The reason you don't remember anything is that it has been a number of elections since we've had one of those "decisive moments." It isn't that the moments—George H.W. Bush looking impatiently at his watch, Lloyd Bentsen telling Quayle, "You're no Jack Kennedy," Dukakis failing to bellow with rage and announce he was changing his position on the death penalty—made such an impact on everyone watching at the time that they stuck in all our memories. Instead, what happened was that reporters decided those were the key moments, and kept writing and talking about them in the subsequent days and weeks. Not coincidentally, the moments that get chosen are those that reinforce the conclusions the press has already come to about a candidate's character weaknesses. Reporters thought that H.W. was disconnected, that Dukakis was a bloodless technocrat, that Quayle was a lightweight. So when those moments came up, they said, "Aha! Just as we've said all along!" Because they kept talking about them, we remember them.
But that doesn't mean these moments determine who wins the election. Political scientists and communication scholars have tried to identify cases in which a debate truly altered a race, and they've largely come up empty. Media discussion of those decisive moments may influence which candidate voters believe "won" the debate, but that's a judgment without much consequence. Some research has shown that all that post-debate coverage can make an impact on how positively people think of the candidates, particularly voters who don't watch the debates and thus are going only on what they learned in the media (see here, for example), but it's a long way from that to actually changing the outcome of the race.
Does all the expectations-gaming work?
The campaigns obviously understand that how the press talks about the debate afterward will end up taking a larger place in people's minds than what actually went on in the debates themselves, particularly since a majority of Americans won't actually tune in. So before the campaigns begin, they relentlessly try to influence the expectations reporters will bring to the debate. This usually involves claiming that your own candidate is such a bumbling fool he'll be lucky if he can string two coherent sentences together, while your opponent is a near-god-like combination of Cicero, Clarence Darrow, and Martin Luther King. The ne plus ultra of this piece of spin was undoubtedly Karl Rove's 2000 description of Al Gore as "the world's most pre-eminent debater, a man who is more proficient at hand-to-hand debate combat than anybody the world has ever seen." Rove's ability to slew that kind of bullshit with a straight face is part of what earned him such respect from the nation's press corps.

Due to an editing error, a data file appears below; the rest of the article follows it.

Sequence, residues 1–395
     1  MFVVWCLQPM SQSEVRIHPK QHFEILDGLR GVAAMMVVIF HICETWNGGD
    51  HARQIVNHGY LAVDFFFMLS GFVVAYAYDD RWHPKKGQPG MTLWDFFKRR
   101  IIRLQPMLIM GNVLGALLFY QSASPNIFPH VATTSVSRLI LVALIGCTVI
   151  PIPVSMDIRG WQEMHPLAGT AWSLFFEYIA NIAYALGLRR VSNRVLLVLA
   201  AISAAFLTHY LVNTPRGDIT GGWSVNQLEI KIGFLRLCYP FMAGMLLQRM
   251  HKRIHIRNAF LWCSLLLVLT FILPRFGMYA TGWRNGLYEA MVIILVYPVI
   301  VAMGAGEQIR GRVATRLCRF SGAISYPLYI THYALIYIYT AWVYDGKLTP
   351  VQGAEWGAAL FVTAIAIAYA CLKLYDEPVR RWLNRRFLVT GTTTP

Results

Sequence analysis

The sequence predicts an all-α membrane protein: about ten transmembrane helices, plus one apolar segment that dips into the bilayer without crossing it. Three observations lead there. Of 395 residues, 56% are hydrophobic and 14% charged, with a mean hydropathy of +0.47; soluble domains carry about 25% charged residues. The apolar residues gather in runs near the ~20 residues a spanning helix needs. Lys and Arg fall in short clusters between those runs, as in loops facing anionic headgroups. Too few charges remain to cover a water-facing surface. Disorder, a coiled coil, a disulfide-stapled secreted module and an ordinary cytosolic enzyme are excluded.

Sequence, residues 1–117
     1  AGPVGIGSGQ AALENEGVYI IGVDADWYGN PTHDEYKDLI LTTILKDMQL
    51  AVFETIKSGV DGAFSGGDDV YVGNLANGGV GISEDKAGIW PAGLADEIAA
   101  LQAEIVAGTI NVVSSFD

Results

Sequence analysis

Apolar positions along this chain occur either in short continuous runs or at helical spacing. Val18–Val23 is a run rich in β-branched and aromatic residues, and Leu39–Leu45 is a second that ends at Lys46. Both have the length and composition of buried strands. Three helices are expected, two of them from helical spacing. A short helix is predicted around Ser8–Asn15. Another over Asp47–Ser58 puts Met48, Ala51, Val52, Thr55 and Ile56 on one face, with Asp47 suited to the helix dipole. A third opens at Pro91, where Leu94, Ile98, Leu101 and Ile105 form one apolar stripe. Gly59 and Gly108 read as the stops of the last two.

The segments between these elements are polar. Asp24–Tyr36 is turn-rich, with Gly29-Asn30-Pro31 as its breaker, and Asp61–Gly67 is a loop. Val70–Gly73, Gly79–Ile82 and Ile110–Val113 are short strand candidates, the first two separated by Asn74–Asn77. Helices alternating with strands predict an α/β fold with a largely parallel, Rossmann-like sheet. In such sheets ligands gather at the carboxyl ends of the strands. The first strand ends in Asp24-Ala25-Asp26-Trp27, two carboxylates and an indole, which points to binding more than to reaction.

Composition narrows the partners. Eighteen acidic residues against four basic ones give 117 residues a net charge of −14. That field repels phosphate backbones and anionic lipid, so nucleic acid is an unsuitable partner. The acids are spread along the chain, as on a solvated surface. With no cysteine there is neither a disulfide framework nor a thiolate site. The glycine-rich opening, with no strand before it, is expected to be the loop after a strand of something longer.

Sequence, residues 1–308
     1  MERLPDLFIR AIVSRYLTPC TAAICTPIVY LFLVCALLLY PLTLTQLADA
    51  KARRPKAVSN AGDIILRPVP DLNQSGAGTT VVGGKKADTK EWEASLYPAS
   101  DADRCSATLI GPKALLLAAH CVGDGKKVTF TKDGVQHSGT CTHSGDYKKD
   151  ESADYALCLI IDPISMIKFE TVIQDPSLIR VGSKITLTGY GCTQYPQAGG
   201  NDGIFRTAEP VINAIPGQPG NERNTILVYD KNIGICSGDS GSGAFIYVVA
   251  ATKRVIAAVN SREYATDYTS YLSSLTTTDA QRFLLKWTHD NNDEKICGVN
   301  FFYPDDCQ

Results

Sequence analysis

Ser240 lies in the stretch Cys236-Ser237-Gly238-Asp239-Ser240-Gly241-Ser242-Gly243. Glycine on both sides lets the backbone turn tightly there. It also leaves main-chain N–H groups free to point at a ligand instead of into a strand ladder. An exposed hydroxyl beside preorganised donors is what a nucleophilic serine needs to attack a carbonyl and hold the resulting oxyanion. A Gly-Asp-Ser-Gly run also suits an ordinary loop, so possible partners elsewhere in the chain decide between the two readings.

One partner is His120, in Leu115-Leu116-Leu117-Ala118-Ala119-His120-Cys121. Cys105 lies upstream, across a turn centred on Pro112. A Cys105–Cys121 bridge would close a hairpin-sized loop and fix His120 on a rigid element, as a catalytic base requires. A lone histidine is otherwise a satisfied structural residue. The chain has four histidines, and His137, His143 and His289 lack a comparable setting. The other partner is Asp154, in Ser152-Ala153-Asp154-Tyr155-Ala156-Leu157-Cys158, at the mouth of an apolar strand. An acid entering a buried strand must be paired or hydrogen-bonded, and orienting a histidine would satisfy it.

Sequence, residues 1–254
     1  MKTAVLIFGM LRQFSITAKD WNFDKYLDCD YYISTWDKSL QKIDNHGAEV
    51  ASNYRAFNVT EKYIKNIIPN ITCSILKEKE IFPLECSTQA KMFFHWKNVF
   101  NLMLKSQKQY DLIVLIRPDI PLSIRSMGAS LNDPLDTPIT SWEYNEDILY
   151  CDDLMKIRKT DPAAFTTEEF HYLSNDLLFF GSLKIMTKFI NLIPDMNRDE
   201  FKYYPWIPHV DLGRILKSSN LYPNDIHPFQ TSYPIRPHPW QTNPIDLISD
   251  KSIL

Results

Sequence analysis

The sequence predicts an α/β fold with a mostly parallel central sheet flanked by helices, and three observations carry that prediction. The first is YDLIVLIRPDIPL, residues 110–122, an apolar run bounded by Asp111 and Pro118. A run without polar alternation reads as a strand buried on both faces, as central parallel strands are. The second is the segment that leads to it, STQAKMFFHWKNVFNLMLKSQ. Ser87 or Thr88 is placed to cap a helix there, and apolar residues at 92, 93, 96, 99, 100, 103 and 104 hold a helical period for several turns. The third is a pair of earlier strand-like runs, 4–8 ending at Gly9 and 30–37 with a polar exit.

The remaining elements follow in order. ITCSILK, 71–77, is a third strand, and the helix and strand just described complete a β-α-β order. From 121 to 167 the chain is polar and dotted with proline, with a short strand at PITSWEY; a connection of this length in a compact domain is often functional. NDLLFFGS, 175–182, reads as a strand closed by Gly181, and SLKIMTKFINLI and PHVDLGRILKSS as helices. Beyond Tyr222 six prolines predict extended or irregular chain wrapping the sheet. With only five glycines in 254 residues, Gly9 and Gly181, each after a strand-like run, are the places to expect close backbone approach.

But by now, reporters have gotten so used to this game that they're unlikely to be affected much by it. That's particularly true this year, when there are no unknown quantities. Three of the four candidates have plenty of debating experience, and all four are not only familiar to the press but have deserved reputations as politicians who are perfectly capable of talking about policy for an hour and a half.
So why do the debates matter?
The debates don't have to contain shocking moments or turn a loser into a winner and vice versa in order to be useful to the democratic process. We get to see how the candidates react to a high-pressure situation, even if it isn't quite the same kind of pressure they'll face in the Oval Office. As the most extended look the public gets at the candidates during the course of a campaign, debates usually produce demonstrable learning about issues on the part of those who do watch. Particularly during the less-predictable town hall debate, the candidates may be forced to take a stand on issues that haven't been discussed before. Who knows—maybe this year, for the first time, the debates will prove so spectacular (or catastrophic) for one of the candidates that the race will be decided by what happens there. Even if not, they're still worth watching.